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April 2nd, 2019
The order in which we should do things is incredibly obvious in some cases and nearly invisible in other cases. For example, putting on a shoe has a fairly straight forward set of ordered operations. It would be counter-productive to tie the shoe before putting it on.
But the order of operations for solving algebra problems is not so obvious or intuitive. The discovery of such order certainly must have taken some testing through trial and error.
If we extrapolate an attention to order to much larger operations in life, we can find very important questions that in many cases, don’t even get asked, let alone pondered.
For example, having the ability to reliably pay one’s rent with plenty money left over, would be good to figure out before having a child. And yet surely there are many people who don’t compare the two and fail to see a relation between the two things.
The virtue of asking such questions comes from the fact that if operations are well ordered, each achieved operation makes the next operation that much more easy. Or in the case of tying a shoe, we can see that an operation might be fundamentally necessary in order to achieve the next. This is certainly true in algebra, and it’s a safer bet to assume that it’s true in all cases.
We can see how an inability to follow or even ponder an order of operations spells failure in many cases. The inexperienced gentleman who meets a lady with crass and vulgar proposals is near certainly guaranteed to have a short interaction. But it’s commonplace to realize that such playful proposals exist positively in long established relationships. In such cases, the order of operations was taken with a bit more of a mindful approach.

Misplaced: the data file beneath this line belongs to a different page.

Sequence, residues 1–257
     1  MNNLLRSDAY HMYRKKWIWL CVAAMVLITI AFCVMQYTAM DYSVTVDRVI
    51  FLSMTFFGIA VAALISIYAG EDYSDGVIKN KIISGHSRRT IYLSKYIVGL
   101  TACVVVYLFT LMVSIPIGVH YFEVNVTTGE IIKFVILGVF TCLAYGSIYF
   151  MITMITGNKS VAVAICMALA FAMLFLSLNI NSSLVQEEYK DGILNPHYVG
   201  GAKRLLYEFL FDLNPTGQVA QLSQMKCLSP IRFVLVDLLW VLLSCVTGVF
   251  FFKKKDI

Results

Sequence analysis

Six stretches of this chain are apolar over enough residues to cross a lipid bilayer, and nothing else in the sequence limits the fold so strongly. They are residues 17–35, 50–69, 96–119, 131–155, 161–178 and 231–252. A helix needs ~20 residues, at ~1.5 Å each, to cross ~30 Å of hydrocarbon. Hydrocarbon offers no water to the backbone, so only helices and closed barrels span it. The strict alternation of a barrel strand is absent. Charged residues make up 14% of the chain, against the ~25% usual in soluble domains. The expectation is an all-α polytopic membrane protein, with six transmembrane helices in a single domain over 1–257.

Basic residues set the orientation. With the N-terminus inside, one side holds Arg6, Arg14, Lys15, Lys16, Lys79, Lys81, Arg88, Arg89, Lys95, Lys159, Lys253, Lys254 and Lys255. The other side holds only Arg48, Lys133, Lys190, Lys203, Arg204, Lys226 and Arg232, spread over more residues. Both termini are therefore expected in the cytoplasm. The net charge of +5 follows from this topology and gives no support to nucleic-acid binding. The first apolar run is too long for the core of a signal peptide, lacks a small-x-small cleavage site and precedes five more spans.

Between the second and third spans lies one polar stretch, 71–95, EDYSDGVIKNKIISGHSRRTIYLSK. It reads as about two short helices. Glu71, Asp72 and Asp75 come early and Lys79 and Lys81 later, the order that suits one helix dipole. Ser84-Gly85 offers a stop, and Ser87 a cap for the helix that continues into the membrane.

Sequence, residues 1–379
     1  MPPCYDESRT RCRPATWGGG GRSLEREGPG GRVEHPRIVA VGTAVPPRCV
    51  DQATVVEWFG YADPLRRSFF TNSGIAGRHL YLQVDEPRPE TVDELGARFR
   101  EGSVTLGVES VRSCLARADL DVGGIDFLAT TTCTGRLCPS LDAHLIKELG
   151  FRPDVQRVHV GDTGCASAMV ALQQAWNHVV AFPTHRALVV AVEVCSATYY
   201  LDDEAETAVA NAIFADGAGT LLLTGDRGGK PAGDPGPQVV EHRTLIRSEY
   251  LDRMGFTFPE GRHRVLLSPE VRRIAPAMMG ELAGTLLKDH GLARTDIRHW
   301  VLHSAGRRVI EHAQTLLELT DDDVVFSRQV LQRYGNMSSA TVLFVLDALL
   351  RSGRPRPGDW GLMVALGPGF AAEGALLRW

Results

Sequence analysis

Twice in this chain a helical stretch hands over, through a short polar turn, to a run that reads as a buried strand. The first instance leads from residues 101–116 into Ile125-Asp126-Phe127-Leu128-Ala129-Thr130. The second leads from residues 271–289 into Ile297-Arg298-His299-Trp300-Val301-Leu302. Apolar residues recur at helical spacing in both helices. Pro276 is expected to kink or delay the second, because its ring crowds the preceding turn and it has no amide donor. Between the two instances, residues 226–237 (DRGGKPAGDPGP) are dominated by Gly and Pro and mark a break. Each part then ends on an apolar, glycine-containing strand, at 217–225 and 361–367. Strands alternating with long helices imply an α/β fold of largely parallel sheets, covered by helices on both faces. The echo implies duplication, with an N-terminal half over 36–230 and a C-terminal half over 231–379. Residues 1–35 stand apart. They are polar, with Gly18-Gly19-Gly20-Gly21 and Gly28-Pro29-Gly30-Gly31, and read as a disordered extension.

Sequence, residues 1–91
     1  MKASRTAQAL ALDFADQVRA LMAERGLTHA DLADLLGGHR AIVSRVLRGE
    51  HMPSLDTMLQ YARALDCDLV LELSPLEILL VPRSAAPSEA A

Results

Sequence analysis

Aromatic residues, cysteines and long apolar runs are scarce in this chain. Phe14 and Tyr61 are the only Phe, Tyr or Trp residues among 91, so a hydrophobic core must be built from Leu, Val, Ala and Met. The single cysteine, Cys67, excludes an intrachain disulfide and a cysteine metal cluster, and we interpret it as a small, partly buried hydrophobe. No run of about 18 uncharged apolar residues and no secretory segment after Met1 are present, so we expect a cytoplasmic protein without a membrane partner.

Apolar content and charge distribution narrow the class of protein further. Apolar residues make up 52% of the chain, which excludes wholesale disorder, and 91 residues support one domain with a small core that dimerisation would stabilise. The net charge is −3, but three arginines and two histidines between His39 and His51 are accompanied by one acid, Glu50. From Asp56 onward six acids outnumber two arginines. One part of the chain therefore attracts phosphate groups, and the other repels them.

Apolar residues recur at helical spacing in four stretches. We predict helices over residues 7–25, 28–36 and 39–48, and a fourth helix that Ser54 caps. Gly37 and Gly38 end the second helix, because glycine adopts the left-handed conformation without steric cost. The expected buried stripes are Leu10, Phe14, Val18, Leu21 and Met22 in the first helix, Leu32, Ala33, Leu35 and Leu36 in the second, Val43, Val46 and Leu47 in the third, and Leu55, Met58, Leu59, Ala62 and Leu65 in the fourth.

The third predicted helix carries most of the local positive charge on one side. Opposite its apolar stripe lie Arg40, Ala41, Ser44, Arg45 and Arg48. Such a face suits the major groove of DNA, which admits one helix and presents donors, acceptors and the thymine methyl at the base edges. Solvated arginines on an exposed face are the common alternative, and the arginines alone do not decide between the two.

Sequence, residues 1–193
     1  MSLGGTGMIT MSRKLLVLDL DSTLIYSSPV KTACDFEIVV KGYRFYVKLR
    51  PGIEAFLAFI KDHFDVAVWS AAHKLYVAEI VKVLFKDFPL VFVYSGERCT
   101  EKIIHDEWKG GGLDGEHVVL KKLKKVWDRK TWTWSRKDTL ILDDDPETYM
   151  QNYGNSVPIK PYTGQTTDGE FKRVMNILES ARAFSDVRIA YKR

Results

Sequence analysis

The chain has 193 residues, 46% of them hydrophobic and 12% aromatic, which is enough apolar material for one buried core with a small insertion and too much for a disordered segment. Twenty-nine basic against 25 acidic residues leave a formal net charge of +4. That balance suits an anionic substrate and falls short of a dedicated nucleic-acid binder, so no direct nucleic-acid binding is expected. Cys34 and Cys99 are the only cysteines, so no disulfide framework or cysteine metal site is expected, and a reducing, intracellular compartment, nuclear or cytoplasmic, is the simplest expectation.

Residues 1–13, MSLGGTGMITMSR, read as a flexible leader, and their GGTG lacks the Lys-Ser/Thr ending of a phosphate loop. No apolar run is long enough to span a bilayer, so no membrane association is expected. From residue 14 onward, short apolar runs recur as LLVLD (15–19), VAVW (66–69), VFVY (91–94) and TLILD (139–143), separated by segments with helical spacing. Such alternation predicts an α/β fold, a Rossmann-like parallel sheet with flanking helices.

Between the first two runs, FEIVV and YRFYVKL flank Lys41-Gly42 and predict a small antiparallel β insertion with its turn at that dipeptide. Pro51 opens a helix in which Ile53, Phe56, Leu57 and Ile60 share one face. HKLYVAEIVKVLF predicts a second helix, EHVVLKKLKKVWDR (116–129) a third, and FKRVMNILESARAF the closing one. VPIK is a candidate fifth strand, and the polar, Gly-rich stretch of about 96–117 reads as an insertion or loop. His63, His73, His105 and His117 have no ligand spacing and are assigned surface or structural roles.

Just as we have an order of operations with regards to our social dynamics, our health and wealth does also.
Someone who wishes to bench press 200lbs should forget about such if 80lbs is still a struggle. In weightlifting, the order of operations is more obvious, akin to tying a shoe, but with wealth, the order may not be as intuitive as we think, nor what is broadcasted. Often our idea of wealth centers around our ability to display and showcase such wealth, as with a big and expensive house, or a fancy car, or luxurious trips to exotic places. Such displays of wealth actually eat wealth and thereby make one less wealthy. This negative feedback loop might not apply to the ultra rich, as there’s clearly an escape velocity for such a thing, but for the vast majority of people, this competition of wealth signaling is a counter-productive strategy.
Meanwhile, someone who is willing to cut all extraneous costs that make up the game of wealth signaling are inevitably going to actually have that wealth instead of owning symbols of a time when one was able to acquire such symbols.
An important metric for sussing out an order to one’s operations is utility. We can highlight this by asking: is a Ferrari useful? Perhaps it is useful in altering the opinions of people who see such an item, but this is a poor use of utility as a metric. The average used Honda Civic is more likely to handle a wider variety or terrain over a longer time line and greater distance with a relative minimum cost of repairs when compared to a supercar which quite literally demands high maintenance.
The gentleman looking for the fruits of some sort of relationship would do best to start with a comment that merely rises the probability that the conversation will continue. Such a tweak in strategy increases utility.
And with health, the weightlifter might ask: what can I do today that will initiate reactions in my body that make me more capable tomorrow? All questions of fitness essentially boil down to such a useful, if difficult to answer question, but thoughtfully answering it in the most narrow way possible allows a person to figure out an order of operations more quickly than someone who already has a set plan that they imagine will work.
The most perplexing aspect of such orders is that many things we undertake can be accomplished with different orders or operations. The point is not to apply such questions about orders of operation to everything, but to filter everything with a question about order to see if it’s an important aspect to consider before beginning.
This episode references Episode 285: Plan on no Plans.